The Simple IoT source code is available on Github.
Simple IoT is written in Go. Go package documentation is available.
Simple IoT build has currently been testing on Linux and MacOS systems. See
for scripts used in building.
npm install -g run-pty
siot_watch command can be used when developing Simple IoT. This does the
elm-watchon the Elm code.
elm-watchwill automatically update the UI without losing state any time an Elm file changes.
- runs the Go backend and rebuilds it anytime a Go module changes (only tested on Linux and MacOS, but should be easy to set up Windows as well)
Both of the above are run in a run-pty
wrapper, which allows you to see the output of either process. The output of the
Elm compile is displayed in the browser, so it is rarely necessary to view the
Simple IoT can be used a library for your custom application. The siot main.go illustrates how to start the SIOT server, and add clients. You can do this from any Go application. With a few lines of code, this gives you a lot of functionality including a NATS server.
Simple IoT provides utilities that assist in creating new clients. See the Go package documentation for more information. A client manager is created for each client type. This manager instantiates new client instances when new nodes are detected and then sends point updates to the client. Two levels of nodes are currently supported for client configuration. An example of this would be a Rule node that has Condtion and Action child nodes.
A disable option is useful and should be considered for every new client.
The process for creating a new client:
- look at existing clients and use one of them for a model.
- register your client with the server using the
- create a frontend UI for the client. Again, model after existing client UIs.
Currently, there is no simple way to customize the SIOT UI when using SIOT as a library package. Forking and changing the SIOT Elm code is probably the simplest way if you want to make a small change now.
In the future, we plan to provide an API for passing in a custom UI to the SIOT Server. You can also implement a custom http client that serves up a custom UI.
Currently, there are a lot of subdirectories. One reason for this is to limit
the size of application binaries when building edge/embedded Linux binaries. In
some use cases, we want to deploy app updates over cellular networks, therefore
we want to keep packages as small as possible. For instance, if we put the
natsserver stuff in the
nats package, then app binaries grow a couple MB,
even if you don't start a NATS server. It is not clear yet what Go does for dead
code elimination, but at this point, it seems referencing a package increases
the binary size, even if you don't use anything in it. (Clarification welcome!)
For edge applications on Embedded Linux, we'd eventually like to get rid of net/http, since we can do all network communications over NATS. We're not there yet, but be careful about pulling in dependencies that require net/http into the NATS package, and other low level packages intended for use on devices.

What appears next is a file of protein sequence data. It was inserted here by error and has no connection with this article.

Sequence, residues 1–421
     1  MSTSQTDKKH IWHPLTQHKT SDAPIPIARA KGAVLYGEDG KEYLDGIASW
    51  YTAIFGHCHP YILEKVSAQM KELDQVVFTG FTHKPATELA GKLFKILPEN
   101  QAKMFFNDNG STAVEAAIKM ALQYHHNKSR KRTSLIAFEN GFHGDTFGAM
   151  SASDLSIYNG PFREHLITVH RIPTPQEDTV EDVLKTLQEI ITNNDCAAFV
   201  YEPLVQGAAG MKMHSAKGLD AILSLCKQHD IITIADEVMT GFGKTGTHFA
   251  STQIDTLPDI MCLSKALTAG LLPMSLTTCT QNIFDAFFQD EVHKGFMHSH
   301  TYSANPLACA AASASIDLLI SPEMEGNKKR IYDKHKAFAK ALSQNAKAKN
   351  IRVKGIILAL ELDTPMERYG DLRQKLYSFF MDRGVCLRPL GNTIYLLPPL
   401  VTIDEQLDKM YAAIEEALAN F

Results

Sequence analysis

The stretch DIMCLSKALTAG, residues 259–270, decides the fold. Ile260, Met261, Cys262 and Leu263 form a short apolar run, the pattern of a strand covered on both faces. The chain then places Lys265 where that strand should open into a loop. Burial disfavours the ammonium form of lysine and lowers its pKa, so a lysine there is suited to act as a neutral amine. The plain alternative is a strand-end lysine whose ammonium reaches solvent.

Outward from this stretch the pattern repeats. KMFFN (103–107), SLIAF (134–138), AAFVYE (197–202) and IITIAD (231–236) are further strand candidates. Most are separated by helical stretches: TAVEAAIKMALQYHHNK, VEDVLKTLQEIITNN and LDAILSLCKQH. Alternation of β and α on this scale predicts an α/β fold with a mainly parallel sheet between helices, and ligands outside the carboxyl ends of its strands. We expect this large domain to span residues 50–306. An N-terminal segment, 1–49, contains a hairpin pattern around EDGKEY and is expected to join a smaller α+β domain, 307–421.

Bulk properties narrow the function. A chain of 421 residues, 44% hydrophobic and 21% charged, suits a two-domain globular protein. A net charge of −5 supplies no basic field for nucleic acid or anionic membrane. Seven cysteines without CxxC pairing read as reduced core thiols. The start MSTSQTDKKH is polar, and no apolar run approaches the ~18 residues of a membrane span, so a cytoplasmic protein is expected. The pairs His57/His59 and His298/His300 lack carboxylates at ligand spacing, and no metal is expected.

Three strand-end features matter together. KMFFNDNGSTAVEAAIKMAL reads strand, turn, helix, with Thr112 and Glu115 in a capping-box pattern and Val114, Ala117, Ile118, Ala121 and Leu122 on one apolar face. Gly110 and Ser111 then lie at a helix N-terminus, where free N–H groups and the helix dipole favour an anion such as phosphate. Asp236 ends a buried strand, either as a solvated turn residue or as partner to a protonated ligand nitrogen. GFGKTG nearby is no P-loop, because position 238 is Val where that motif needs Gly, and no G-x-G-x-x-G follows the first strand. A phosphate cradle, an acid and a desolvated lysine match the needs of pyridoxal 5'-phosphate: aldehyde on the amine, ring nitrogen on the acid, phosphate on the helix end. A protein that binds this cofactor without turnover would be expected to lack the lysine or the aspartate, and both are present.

See Go docs directory descriptions
envsetup.sh before submitting pull requests. All
code should be formatted and linted before committing.
Please configure your editor to run code formatters:
prettier(note, there is a
.prettierrcin this project that configures prettier to wrap markdown to 80 characters. Whether to wrap markdown or not is debatable, as wrapping can make diffs harder to read, but Markdown is much more pleasant to read in an editor if it is wrapped. Since more people will be reading documentation than reviewing, lets optimize for the reading in all scenarios -- editor, Github, and generated docs)
We plan to keep the main Simple IoT application a pure Go binary if possible. Statically linked pure Go has huge advantages:
- you can easily cross compile to any target from any build machine.
- blazing fast compile times
- deployment is dead simple – zero dependencies. Docker is not needed.
- you are not vulnerable to security issues in the host systems SSL/TLS libs. What you deploy is pretty much what you get.
- although there is high quality code written in C/C++, it is much easier to write safe, reliable programs in Go, so I think long term there is much less risk using a Go implementation of about anything – especially if it is widely used.
- Go’s network programming model is much simpler than about anything else. Simplicity == less bugs.
Once you link to C libs in your Go program, you forgo many of the benefits of Go. The Go authors made a brilliant choice when they chose to build Go from the ground up. Yes, you loose the ability to easily use some of the popular C libraries, but what you gain is many times more valuable.
There are not a lot of unit tests in the project yet, but below are some examples of running tests:
- test everything:
go test -race ./...
- test only client directory:
go test -race ./client
- run only a specific: `go test -race ./client -run BackoffTest (run takes a RegEx)
siot_testruns tests as well as vet/lint, frontend tests, etc.
./ is important, otherwise Go things you are giving it a package
name, not a directory. The
... tells Go to recursively test all subdirs.
It is much more pleasant to write documentation and tests as you develop, rather than after the fact. These efforts add value to your development if done concurrently. Quality needs to be designed-in, and leading with documentation will result in better thinking and a better product.
If you develop a feature, please update/create any needed documentation and write any tests (especially end-to-end) to verify the feature works and continues to work.